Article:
In the analysis of a switching piecewise-linear system, the steady-state solution is essential. For example, in the study of the line/load regulation of a regulated switching power system, the relevant information is the steady-state load voltage over a range of line/load conditions. Although carrying important information in its own right, the transient information on how the system settles to the new steady-state under the new line/load condition is not the focus of such a study. To carry out such a study, the load voltage is measured after the system has settled to new steady-state operations under new line/load conditions. Depending on the damping and the regulation circuitry of the system, it may take the system hundreds to thousands of switching cycles before settling to a new steady-state operation after each change in the line/load condition. While carrying out such a study with a brute-force simulation is possible, it can be time-consuming. Hence, there is a need for a special analysis tool that can "accelerate" the convergence of the system towards its steady-state operating condition without going through the actual transient.

Another example where the steady-state operation of a switched piecewise-linear system is essential is in the study of the load transient of a regulated switching power system. In such a study, the transient experienced by the system, in response to a load change, is monitored. When this study is carried out through simulation, one must initialize the circuit simulation to the initial steady-state solution of the system before the load change is initiated. Without using a steady-state solution to start the simulation, the transient obtained will be different from the transient measured in the laboratory.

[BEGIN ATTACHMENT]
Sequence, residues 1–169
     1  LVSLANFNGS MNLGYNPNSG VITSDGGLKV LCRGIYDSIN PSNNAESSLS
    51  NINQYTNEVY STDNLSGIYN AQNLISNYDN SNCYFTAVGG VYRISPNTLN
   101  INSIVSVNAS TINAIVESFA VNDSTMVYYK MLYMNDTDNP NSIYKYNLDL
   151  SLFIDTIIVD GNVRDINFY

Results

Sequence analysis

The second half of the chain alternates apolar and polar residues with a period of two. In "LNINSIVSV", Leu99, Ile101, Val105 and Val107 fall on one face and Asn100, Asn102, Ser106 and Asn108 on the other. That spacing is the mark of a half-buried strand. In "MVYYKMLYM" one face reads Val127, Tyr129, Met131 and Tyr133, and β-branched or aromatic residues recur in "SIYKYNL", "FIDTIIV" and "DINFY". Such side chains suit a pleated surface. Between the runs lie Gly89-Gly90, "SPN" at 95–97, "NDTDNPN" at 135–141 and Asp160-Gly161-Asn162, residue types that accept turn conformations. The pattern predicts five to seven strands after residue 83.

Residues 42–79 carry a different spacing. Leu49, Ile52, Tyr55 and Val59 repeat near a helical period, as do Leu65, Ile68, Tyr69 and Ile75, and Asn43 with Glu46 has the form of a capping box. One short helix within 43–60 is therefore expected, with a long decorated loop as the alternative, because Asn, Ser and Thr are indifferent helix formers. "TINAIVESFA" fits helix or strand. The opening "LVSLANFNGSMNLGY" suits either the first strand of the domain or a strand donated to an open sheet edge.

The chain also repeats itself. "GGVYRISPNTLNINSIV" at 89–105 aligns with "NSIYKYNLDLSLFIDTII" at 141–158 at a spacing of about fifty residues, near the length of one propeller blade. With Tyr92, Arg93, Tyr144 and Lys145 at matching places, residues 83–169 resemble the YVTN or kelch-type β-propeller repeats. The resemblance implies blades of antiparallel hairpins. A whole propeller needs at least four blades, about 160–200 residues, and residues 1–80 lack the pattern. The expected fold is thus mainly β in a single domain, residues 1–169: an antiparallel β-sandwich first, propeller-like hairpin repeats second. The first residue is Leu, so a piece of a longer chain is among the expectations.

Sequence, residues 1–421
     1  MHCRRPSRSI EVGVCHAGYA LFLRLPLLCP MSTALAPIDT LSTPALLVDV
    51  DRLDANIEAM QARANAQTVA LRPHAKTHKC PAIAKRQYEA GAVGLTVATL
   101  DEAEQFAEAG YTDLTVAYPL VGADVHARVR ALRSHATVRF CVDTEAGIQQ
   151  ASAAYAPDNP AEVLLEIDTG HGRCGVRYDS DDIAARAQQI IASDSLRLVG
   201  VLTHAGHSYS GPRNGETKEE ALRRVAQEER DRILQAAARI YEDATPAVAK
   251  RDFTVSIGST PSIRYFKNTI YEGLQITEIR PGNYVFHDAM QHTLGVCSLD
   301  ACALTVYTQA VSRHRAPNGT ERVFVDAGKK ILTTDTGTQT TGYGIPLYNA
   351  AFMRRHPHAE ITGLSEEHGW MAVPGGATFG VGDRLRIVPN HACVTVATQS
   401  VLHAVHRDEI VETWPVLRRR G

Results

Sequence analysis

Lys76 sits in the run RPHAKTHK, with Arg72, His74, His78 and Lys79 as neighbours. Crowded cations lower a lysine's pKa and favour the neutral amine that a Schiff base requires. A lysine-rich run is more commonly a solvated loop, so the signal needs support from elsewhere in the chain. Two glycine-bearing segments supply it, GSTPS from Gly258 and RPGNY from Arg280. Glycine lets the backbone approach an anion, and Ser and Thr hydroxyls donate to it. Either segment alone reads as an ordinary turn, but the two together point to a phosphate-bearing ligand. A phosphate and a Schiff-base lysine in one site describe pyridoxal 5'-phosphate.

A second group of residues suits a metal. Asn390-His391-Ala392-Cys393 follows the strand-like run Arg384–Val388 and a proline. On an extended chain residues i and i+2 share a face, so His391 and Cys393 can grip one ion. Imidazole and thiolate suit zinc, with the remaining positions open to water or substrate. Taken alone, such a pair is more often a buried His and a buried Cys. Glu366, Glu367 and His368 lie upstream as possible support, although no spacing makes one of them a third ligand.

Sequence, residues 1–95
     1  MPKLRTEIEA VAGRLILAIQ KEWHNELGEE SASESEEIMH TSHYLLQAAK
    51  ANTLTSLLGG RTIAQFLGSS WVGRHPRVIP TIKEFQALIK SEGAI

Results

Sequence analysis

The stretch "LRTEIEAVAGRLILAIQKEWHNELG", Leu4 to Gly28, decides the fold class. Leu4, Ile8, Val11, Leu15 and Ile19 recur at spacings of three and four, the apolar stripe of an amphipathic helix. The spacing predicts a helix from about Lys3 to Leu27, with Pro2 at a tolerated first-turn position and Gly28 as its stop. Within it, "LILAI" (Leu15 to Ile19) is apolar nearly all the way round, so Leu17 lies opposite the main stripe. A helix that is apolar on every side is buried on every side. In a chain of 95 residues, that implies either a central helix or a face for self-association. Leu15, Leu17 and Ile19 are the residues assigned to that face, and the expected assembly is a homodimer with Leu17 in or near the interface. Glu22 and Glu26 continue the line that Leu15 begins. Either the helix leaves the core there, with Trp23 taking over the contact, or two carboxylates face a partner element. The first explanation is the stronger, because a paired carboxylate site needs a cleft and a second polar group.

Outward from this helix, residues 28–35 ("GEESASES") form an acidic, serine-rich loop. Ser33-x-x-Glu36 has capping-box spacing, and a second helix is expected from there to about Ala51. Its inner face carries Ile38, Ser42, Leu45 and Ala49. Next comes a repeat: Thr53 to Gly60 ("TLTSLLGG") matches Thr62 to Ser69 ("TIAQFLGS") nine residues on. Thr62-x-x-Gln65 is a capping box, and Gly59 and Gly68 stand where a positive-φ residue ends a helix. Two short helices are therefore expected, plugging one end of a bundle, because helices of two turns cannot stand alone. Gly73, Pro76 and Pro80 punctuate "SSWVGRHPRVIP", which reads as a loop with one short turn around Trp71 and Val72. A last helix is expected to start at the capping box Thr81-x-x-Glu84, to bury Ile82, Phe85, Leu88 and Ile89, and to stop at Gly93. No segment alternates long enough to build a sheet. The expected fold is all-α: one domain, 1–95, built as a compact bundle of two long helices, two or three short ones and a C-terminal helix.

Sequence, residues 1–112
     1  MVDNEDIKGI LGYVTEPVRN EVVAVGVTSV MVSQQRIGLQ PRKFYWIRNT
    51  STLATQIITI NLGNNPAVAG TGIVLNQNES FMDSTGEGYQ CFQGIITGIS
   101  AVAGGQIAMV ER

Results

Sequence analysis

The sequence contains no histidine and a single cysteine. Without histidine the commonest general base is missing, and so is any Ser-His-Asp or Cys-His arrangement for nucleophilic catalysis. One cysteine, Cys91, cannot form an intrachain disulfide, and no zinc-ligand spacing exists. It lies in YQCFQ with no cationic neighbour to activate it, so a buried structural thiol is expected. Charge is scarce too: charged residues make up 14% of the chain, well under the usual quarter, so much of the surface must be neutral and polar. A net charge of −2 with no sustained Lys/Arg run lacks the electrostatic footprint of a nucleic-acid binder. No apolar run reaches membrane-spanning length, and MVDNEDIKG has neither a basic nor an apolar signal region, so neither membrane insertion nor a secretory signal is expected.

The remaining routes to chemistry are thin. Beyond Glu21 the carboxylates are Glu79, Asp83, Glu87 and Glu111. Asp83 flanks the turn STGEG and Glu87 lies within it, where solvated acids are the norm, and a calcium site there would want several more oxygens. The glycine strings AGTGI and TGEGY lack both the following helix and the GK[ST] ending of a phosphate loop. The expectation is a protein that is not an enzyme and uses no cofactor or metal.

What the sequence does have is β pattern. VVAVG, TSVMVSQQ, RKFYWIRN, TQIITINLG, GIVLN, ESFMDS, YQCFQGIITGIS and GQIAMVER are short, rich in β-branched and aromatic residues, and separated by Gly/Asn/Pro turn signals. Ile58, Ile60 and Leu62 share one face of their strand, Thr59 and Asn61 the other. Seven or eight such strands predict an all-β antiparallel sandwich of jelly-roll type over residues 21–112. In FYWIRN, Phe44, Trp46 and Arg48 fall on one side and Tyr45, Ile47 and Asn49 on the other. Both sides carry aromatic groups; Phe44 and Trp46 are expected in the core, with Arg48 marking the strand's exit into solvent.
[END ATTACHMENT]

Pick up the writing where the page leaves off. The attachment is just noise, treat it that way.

A special algorithm for speeding up the computation of the steady-state solution of switched piecewise-linear systems have been incorporated into SIMPLIS as a special analysis tool. While it is mathematically more challenging and computationally more intensive, the computation of the steady-state solution of a switched system is conceptually quite similar to finding the DC operating point of a non- switching system under only DC excitations. In both cases, we are interested in finding the operation of the system in the absence of an external stimulus. Since the term "Operating Point Analysis" has been traditionally and widely used as the name for a DC operating-point analysis, the name "Periodic Operating Point Analysis,"(POP) is given to this special algorithm for speeding up the computation of the steady-state solution of switched piecewise-linear systems that are periodically driven or self-oscillating.

The Periodic Operating Point Analysis tool in SIMPLIS is able to speed up the convergence to the steady-state solution of a switched piecewise-linear system that is either self-oscillating or driven by one or more periodic sources that are commensurate in their periods. To invoke such an analysis, the user only needs to add a few lines in the input file. Statements Relating to POP Analysis explains in detail the format of the input statements related to the Periodic Operating Point analysis. Synopsis of the Periodic Operating Point Analysis explains what happens during a Periodic Operating Point analysis. After reading this section, a user will understand the internal workings of this analysis tool and, as a result, will be able to use the analysis tool more productively. An example in Example of Applying the POP Analysis Tool illustrates the application of the POP analysis to a closed-loop regulated switching power system